Vascular and Lymphatic Anomalies

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Vascular and Lymphatic Anomalies

Vascular anomalies are broadly divided into two groups based on biologic and clinical behavior: vascular tumors and vascular malformations.1 Vascular tumors are true neoplasms that arise from cellular hyperplasia. In contrast, vascular malformations are congenital lesions originating from errors of embryonic development and exhibit normal endothelial cell turnover.1 Historically, the field of vascular anomalies has been hindered by a myriad of confusing and misused terminology and nomenclature. This, along with the rarity and often complex nature of some of these disorders, has combined to make diagnosis and treatment of vascular anomalies difficult. However, the last several decades have brought better insight and understanding into the field of vascular anomalies, with improved knowledge of blood vessel angiogenesis and the development of a more logical classification system.


In 1996, the International Society of the Study of Vascular Anomalies formally accepted the biological classification system in use today (Table 72-1).2,3 This system divides these anomalies into vascular tumors and vascular malformations based on physical characteristics, natural history, and cellular features. Examples of vascular tumors are infantile hemangioma (IH), kaposiform hemangioendothelioma (KHE), and tufted angioma (TA). Vascular malformations can be divided based on vascular channel type (capillary, lymphatic, venous, arterial, or combined) or by flow (slow or fast). Examples of slow-flow lesions are capillary malformations (CM), lymphatic malformations (LM), and venous malformations (VM). Fast-flow lesions include arteriovenous fistulas (AVF) and arteriovenous malformations (AVM).


Though now more clear, the nomenclature and classification of vascular anomalies have historically been confusing, with the same or similar terms used to describe vastly different lesions. The various vascular anomalies often have a similar appearance whether involving the skin, mucosa, or viscera. They are flat or raised lesions that can have pink, red, purple, or blue coloration. For centuries, these cutaneous vascular nevi were named based on resemblance to common foods such as ‘cherry’, ‘strawberry’, or ‘port-wine stain.’ The term ‘nevus’ refers to any generic circumscribed lesion of the skin, especially if colored by hyperpigmentation or increased vascularity.

In the 19th century, Virchow first described the histologic features of vascular nevi.4 He initiated the term ‘angioma’, which became the default term to describe all such nevi regardless of natural history or other clinical features. He also labeled the IH ‘angioma simplex’, a lesion that has been historically referred to as ‘capillary hemangioma’ and ‘strawberry hemangioma.’ Virchow’s ‘angioma cavernosum’ was used to label two distinct lesions, IH (when located deep to the skin) and VM, because both have similar appearance on physical examination. ‘Angioma racemosum’ was Virchow’s designation for what today is termed an arteriovenous malformation and which has previously been called an ‘arteriovenous hemangioma.’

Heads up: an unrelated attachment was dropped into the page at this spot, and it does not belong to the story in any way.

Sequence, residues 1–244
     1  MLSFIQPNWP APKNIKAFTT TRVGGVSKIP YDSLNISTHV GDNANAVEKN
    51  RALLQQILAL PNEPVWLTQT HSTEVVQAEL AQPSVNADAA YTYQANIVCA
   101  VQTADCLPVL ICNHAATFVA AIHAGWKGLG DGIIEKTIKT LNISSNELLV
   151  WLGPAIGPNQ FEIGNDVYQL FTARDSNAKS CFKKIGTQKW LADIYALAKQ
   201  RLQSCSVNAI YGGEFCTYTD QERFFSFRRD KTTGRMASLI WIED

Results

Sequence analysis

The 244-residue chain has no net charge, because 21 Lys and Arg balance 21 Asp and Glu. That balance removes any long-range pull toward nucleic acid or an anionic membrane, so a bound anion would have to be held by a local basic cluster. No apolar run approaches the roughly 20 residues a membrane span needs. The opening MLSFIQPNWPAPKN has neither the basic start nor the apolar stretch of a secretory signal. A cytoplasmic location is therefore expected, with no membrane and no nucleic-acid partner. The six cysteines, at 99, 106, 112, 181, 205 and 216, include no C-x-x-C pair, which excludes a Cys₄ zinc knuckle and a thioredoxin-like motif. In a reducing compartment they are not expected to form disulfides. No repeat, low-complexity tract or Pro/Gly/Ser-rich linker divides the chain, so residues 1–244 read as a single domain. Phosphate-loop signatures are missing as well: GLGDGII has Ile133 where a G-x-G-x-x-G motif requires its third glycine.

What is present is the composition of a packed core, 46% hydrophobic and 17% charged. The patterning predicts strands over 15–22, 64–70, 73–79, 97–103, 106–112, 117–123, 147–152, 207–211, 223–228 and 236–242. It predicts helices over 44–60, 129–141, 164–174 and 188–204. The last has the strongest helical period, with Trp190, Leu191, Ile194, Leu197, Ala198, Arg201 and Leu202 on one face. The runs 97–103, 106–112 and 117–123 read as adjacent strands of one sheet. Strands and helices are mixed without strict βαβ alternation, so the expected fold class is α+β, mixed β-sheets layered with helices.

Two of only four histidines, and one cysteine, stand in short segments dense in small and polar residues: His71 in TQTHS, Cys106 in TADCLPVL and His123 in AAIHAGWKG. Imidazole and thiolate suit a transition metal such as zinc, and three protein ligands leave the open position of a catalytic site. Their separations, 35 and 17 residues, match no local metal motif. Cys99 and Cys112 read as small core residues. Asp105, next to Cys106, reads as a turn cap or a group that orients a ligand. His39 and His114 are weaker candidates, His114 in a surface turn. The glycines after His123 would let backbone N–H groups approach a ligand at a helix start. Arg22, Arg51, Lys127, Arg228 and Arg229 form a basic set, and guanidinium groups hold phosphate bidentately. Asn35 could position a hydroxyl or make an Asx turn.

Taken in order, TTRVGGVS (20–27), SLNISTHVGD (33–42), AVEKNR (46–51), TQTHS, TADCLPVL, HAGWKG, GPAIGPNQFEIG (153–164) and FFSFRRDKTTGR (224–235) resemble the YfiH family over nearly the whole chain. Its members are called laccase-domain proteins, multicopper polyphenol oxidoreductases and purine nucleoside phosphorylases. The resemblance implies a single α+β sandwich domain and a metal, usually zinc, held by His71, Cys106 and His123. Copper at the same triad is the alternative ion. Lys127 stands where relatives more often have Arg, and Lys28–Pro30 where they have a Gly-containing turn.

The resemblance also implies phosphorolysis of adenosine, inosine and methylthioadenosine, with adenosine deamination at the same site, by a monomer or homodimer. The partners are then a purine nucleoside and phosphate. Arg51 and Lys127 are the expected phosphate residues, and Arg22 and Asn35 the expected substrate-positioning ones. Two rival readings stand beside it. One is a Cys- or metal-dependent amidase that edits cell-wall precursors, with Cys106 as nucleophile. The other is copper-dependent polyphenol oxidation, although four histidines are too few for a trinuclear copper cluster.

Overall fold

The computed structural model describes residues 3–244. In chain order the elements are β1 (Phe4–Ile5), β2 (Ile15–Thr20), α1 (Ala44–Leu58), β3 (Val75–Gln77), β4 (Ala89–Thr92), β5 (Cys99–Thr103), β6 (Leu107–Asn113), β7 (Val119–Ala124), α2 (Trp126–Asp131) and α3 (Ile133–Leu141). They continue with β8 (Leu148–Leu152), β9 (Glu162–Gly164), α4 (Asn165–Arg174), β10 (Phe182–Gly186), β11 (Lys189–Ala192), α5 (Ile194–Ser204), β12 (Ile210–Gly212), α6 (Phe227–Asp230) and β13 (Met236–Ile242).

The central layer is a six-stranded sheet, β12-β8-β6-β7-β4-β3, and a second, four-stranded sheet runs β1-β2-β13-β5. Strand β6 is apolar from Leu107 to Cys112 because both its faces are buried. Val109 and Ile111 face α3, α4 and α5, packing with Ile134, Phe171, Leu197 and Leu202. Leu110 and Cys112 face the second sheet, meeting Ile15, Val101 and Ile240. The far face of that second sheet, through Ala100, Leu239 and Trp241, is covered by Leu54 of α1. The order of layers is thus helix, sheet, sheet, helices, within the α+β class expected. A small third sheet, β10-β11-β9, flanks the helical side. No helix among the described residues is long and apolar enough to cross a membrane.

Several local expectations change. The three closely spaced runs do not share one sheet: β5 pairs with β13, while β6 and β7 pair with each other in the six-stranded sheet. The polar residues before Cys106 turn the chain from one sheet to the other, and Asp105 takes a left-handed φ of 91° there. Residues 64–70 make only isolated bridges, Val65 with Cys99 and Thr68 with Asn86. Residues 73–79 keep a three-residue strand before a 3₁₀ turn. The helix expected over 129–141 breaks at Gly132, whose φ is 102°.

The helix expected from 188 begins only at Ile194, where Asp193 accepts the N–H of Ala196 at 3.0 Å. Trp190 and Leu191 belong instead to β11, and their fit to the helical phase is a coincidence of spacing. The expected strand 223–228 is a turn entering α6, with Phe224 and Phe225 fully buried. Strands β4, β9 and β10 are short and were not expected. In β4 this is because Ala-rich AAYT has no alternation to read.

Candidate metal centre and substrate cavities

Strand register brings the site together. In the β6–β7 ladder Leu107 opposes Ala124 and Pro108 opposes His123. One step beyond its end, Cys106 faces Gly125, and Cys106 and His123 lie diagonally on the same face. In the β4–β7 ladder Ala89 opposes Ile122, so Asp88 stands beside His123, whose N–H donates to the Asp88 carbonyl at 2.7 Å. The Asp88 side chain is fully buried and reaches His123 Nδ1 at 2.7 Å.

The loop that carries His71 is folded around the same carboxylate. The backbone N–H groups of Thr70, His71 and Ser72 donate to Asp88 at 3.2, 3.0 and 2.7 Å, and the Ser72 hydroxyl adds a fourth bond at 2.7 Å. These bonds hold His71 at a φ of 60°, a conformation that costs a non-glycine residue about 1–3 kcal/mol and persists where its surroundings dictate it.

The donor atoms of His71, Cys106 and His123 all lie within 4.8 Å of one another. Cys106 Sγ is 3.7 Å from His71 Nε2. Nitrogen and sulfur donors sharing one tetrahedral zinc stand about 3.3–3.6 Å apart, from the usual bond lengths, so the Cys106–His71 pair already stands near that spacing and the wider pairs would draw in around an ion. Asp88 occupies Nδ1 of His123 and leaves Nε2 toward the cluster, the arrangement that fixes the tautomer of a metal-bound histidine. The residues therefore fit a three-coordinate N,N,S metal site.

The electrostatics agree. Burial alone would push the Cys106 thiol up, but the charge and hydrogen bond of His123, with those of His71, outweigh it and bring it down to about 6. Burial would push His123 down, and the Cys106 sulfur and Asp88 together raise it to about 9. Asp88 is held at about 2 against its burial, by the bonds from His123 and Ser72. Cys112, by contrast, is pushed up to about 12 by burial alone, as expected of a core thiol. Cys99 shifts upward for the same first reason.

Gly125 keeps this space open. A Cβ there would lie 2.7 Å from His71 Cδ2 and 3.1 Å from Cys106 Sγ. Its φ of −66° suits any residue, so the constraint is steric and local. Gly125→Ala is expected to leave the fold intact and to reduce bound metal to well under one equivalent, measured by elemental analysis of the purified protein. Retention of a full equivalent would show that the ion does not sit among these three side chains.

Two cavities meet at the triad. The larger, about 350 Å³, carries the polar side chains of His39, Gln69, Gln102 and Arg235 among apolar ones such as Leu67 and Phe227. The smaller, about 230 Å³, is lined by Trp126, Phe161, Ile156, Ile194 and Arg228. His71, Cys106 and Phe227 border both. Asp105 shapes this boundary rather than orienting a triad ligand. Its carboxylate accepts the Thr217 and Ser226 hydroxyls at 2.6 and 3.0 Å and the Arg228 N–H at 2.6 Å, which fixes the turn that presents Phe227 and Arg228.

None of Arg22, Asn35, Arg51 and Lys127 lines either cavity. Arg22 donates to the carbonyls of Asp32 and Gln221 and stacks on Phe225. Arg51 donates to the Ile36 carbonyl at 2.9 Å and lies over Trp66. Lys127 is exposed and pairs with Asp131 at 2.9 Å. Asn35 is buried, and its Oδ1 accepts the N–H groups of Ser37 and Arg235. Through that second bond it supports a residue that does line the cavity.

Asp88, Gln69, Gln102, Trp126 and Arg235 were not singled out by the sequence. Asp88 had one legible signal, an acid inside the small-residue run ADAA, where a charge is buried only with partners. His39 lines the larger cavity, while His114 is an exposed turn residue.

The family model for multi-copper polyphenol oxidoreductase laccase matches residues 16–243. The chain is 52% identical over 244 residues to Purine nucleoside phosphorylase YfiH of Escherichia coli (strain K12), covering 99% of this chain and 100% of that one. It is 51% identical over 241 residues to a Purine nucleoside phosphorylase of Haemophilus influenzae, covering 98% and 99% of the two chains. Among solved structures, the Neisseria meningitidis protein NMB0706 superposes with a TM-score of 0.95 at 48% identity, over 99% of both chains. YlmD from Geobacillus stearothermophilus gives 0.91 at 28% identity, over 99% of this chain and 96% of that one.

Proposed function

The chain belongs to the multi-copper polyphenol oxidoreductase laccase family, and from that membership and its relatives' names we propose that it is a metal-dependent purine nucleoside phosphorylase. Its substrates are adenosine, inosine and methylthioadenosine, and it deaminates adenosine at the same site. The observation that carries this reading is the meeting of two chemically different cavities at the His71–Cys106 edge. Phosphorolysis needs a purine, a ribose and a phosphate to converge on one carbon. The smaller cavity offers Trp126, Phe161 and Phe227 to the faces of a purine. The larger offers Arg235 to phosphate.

Wegener, a student of Virchow, described the histology of LMs, which he called ‘lymphangiomas.’5 The classic term ‘cystic hygroma’, referring to LM, unfortunately also continues to have common usage. Thus, both the terms cystic hygroma and lymphangioma should be abandoned in favor of LM (macrocystic and microcystic, respectively). The problems with this jumble of descriptive and histologic terms are obvious. The same lesion can often have several different names, and simultaneously, the same name can refer to several different lesions. For example, the term ‘hemangioma’, combined with descriptive modifiers such as ‘strawberry’, ‘cavernous’, and ‘lympho-’, is used to describe tumors, birthmarks, and vascular malformations alike. Vascular anomalies with quite distinct features, whether congenital or acquired, or whether they spontaneously regress or progress over time, become lumped under the umbrella term ‘hemangioma.’ These faulty designations lead to improper diagnosis and treatment for patients as well as leading to misguided interdisciplinary communication and research efforts.

Vascular Tumors

Infantile Hemangioma

IH are the most common tumor of infancy. They occur in about 4% of infants, though early studies were as high as 10%, probably due to the inclusion of other vascular lesions.6 The incidence is higher in premature infants, Caucasians, and females (by a 3 to 5 : 1 ratio). 6,7 Advanced maternal age, multiple gestations, and placental abnormalities are also risk factors.8 IH have a unique and characteristic life cycle consisting of three phases: proliferative, involuting, and involuted.